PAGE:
Meet our newest tool for Well Being - The Inversion Table. Inversion tables have long been touted for their benefits in relieving back pain.
According to the Mayo Clinic: Inversion therapy doesn't provide lasting relief from back pain, and it's not safe for everyone. In theory, inversion therapy takes gravitational pressure off the nerve roots and disks in your spine and increases the space between vertebrae.
Well-designed studies evaluating spinal traction have found the technique ineffective for long-term relief. However, some people find traction temporarily helpful as part of a more comprehensive treatment program for lower back pain caused by spinal disk compression.
Your heartbeat slows and your blood pressure increases when you remain inverted for more than a couple of minutes — and the pressure within your eyeballs jumps dramatically. For these reasons, you should not try inversion therapy if you have high blood pressure, heart disease or glaucoma.
From Healthline: One study looked at 47 people with chronic low back pain and inversion therapy. They practiced inversion therapy in 3 three-minute sets at different angles. The study found that inversion therapy at 60 degrees reduced back pain after eight weeks. It also improved torso flexibility and strength.
For these reasons, inversion therapy may be beneficial for people with:
- chronic lower back pain
- poor circulation
One 2014 study suggests that the zero-gravity nature of inversion can reduce compression. The authors of the study also noted that inversion may potentially prevent disability from back problems. This could also reduce the need for spinal surgery.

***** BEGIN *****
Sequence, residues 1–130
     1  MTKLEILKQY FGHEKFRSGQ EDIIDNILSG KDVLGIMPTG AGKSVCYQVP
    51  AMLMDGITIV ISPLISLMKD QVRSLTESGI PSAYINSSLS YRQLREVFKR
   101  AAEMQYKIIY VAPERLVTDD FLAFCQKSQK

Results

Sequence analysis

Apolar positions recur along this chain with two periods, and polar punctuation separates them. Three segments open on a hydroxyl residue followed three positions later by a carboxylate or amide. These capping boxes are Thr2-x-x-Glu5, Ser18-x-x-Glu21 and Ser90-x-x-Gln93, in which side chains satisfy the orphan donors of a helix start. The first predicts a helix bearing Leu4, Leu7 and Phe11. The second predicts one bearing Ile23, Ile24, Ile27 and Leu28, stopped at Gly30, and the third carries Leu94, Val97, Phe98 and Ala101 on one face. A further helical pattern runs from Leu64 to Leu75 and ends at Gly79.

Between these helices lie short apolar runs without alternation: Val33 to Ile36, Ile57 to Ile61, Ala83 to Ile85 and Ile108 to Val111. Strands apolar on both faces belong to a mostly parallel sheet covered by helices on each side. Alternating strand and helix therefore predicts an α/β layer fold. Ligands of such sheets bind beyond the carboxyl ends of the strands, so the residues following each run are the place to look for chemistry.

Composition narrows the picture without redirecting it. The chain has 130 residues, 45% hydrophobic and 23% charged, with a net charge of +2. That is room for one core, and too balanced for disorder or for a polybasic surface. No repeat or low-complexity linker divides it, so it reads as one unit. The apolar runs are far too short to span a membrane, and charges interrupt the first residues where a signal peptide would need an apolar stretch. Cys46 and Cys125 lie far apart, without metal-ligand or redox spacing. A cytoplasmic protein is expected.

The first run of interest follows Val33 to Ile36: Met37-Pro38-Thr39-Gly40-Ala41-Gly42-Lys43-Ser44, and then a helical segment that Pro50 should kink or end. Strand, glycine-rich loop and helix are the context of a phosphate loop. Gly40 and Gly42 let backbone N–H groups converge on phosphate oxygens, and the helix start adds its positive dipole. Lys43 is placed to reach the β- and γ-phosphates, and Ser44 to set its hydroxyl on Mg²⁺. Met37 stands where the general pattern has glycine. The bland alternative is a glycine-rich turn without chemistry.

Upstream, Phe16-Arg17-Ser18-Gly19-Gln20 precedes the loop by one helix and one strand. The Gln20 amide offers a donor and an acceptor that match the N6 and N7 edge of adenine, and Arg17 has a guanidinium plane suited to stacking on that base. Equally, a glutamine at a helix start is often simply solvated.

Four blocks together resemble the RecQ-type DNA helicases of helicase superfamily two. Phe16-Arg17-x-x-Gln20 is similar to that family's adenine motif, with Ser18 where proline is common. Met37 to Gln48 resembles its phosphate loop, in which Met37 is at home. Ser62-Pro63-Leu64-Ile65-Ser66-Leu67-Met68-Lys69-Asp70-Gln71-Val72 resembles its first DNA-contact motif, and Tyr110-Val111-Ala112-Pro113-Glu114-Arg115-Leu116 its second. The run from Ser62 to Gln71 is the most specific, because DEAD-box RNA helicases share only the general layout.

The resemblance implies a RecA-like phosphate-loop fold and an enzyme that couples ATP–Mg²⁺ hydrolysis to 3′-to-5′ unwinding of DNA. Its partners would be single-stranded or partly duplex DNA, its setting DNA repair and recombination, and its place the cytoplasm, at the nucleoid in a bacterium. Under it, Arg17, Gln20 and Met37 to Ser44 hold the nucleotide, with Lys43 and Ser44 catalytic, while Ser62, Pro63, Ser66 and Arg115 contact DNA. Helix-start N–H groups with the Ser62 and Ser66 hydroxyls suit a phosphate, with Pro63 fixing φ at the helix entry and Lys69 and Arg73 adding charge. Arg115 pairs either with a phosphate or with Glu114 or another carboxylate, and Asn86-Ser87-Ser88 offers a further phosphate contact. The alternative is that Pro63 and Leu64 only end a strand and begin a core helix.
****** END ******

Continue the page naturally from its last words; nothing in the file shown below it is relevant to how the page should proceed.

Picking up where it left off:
Another 2012 study from Disability and Rehabilitation found that people with lumbar disease reduced their need for surgery six weeks after using inversion therapy.
Despite these findings, it’s important to note that back problems are complex. Inversion therapy is not a guarantee against surgery nor should it be an alternative treatment for back pain. Talk to your doctor before trying inversion therapy as a treatment or form of exercise.
Risks of Inversion Therapy
Inversion therapy is deemed unsafe for people with certain conditions. The upside-down position increases blood pressure and decreases your heart rate. It also puts significant pressure on your eyeballs. Your doctor may not recommend inversion exercises if you have certain conditions, including:
- bone and joint disorders, such as osteoporosis, herniated disk, fractures, or spinal injuries
- cardiovascular disorders, such as high blood pressure, stroke, or heart disease
- diseases or infections, such as conjunctivitis (pink eye), ear infections, glaucoma, or cerebral sclerosis
Other factors that may cause complications include:
- retinal detachment
- use of blood clotting medications
It also takes time to adjust to inversion therapy. It’s best to start off in shorter increments (slowly building from one-minute sets to three) to get used to the process. This can help reduce side effects such as dizziness or muscle strain.